Humans aren't the only life-forms that rely on caffeine to get them through the morning.
Researchers at the University of Iowa found a species of bacteria capable of breaking down caffeine. The research could help scientists develop better medications as well as find ways to decaffeinate waste from coffee and tea production with minimal impact on the environment.
It started when grad student Ryan Summers and colleagues stepped outside to gather samples from a flowerbed on campus.
"We decided to go to the soil because soil has the largest collection of unknown microorganisms, and we thought that we might be able to find an organism with the built-in machinery — enzymes and genes — needed to break down caffeine," Summers told Discovery News in an email.
The team found the bacteria after giving the soil sample caffeine as its only source of energy.
The bacterium, called Pseudomonas putida CBB5, can break down caffeine into carbon dioxide and ammonia, removing the hydrogen and carbon chemical bonds, also called methyl groups. Summers writes in a research summary that his team's analysis is the first to describe which genes are at play while each bacterium degrades caffeine, molecule by molecule.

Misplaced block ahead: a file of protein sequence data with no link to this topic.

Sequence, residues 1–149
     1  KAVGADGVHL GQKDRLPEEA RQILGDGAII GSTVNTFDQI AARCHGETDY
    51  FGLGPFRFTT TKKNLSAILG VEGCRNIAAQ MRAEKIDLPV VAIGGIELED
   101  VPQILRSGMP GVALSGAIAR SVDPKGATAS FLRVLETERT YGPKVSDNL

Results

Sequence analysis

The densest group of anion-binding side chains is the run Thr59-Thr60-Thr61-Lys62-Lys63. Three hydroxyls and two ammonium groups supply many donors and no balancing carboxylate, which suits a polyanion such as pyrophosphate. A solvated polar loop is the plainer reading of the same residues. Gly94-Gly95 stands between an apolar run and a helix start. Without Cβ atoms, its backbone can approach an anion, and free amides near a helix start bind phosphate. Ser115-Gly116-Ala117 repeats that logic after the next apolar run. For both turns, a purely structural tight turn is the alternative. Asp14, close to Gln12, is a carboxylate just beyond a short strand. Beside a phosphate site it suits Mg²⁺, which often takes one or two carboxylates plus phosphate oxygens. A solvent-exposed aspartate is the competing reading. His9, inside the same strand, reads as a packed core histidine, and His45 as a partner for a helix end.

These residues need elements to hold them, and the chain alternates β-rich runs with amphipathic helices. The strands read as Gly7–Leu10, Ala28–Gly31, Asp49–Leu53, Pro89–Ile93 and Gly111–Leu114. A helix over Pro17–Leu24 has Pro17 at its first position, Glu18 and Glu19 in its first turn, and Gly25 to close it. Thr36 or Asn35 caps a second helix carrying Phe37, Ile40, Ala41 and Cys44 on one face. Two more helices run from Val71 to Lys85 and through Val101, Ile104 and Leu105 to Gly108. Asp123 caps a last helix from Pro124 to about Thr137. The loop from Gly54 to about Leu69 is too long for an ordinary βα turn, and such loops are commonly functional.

Caffeine-degrading bacteria have been isolated since the 1970s, Summers said, but his research contributes to understanding one method bacteria use to get the job done. It turns out removing methyl groups from caffeine — a process called N-demethylation — is what reduces caffeine and another compound called theophylline into xanthine, which is easier for organisms to handle.
"What we have done for the first time is show what kind and how many — at least four — enzymes there are that break down caffeine by N-demethylation in bacteria," Summers said. "It's kind of like saying that we've found the gears that make the hands on a clock turn."
Knowing which enzymes remove methyl groups can help researchers find cheaper, more efficient ways to produce synthetic drugs to treat asthma and blood and heart problems.
Caffeine is often found in coffee, teas, chocolate, soda and more, according to the U.S. National Library of Medicine.
The newly discovered bacteria may come in handy for coffee and tea producers wanting to reduce the amount of caffeine waste released into the environment. Summers writes the bacteria may have applications for decaffeinating production waste, making it usable as livestock feed or even raw material for biofuels.
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